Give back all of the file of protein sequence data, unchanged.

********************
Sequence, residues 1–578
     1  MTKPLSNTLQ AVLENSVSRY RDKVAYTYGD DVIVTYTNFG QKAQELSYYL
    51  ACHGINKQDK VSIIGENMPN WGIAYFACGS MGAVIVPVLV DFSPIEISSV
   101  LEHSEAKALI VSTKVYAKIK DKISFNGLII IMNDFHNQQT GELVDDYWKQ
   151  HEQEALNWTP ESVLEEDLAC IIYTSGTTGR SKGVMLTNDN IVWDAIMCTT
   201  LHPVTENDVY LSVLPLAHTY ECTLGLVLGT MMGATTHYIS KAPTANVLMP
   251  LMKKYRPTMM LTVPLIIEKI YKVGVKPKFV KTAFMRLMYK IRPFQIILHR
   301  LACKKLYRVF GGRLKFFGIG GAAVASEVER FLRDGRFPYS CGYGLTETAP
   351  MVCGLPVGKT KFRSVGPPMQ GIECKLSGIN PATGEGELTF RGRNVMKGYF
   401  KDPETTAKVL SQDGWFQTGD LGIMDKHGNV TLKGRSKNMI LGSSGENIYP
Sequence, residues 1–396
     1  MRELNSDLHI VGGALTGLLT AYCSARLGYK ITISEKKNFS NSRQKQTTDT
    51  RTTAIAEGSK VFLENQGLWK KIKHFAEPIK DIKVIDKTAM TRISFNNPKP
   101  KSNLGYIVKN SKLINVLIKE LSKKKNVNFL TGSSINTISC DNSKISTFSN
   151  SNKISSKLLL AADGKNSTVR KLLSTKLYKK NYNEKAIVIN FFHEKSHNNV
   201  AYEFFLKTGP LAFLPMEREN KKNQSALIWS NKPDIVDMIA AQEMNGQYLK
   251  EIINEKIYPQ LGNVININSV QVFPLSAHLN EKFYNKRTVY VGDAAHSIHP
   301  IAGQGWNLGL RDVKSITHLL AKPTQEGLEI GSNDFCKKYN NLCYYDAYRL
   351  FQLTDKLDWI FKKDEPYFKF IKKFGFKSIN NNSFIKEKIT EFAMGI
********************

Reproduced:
Sequence, residues 1–578
     1  MTKPLSNTLQ AVLENSVSRY RDKVAYTYGD DVIVTYTNFG QKAQELSYYL
    51  ACHGINKQDK VSIIGENMPN WGIAYFACGS MGAVIVPVLV DFSPIEISSV
   101  LEHSEAKALI VSTKVYAKIK DKISFNGLII IMNDFHNQQT GELVDDYWKQ
   151  HEQEALNWTP ESVLEEDLAC IIYTSGTTGR SKGVMLTNDN IVWDAIMCTT
   201  LHPVTENDVY LSVLPLAHTY ECTLGLVLGT MMGATTHYIS KAPTANVLMP
   251  LMKKYRPTMM LTVPLIIEKI YKVGVKPKFV KTAFMRLMYK IRPFQIILHR
   301  LACKKLYRVF GGRLKFFGIG GAAVASEVER FLRDGRFPYS CGYGLTETAP
   351  MVCGLPVGKT KFRSVGPPMQ GIECKLSGIN PATGEGELTF RGRNVMKGYF
   401  KDPETTAKVL SQDGWFQTGD LGIMDKHGNV TLKGRSKNMI LGSSGENIYP
Sequence, residues 1–396
     1  MRELNSDLHI VGGALTGLLT AYCSARLGYK ITISEKKNFS NSRQKQTTDT
    51  RTTAIAEGSK VFLENQGLWK KIKHFAEPIK DIKVIDKTAM TRISFNNPKP
   101  KSNLGYIVKN SKLINVLIKE LSKKKNVNFL TGSSINTISC DNSKISTFSN
   151  SNKISSKLLL AADGKNSTVR KLLSTKLYKK NYNEKAIVIN FFHEKSHNNV
   201  AYEFFLKTGP LAFLPMEREN KKNQSALIWS NKPDIVDMIA AQEMNGQYLK
   251  EIINEKIYPQ LGNVININSV QVFPLSAHLN EKFYNKRTVY VGDAAHSIHP
   301  IAGQGWNLGL RDVKSITHLL AKPTQEGLEI GSNDFCKKYN NLCYYDAYRL
   351  FQLTDKLDWI FKKDEPYFKF IKKFGFKSIN NNSFIKEKIT EFAMGI